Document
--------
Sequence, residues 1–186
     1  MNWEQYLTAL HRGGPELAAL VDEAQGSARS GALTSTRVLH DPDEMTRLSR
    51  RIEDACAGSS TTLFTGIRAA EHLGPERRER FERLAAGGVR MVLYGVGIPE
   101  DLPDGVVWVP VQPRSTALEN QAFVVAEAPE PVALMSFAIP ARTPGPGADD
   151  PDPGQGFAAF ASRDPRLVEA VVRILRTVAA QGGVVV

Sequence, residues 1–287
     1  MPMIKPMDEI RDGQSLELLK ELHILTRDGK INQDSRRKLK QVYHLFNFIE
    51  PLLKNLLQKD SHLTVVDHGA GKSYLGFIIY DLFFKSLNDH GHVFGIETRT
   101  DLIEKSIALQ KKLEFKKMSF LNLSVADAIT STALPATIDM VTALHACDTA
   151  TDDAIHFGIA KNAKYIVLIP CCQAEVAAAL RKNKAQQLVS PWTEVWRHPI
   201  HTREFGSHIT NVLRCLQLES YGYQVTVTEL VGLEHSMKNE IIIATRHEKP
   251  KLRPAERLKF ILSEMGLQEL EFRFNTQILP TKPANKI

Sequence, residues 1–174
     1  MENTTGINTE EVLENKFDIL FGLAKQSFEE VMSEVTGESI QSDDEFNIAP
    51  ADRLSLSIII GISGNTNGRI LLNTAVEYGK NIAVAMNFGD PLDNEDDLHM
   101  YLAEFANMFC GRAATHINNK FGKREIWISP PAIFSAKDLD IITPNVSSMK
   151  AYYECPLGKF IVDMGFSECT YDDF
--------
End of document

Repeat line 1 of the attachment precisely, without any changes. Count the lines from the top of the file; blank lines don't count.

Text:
Sequence, residues 1–186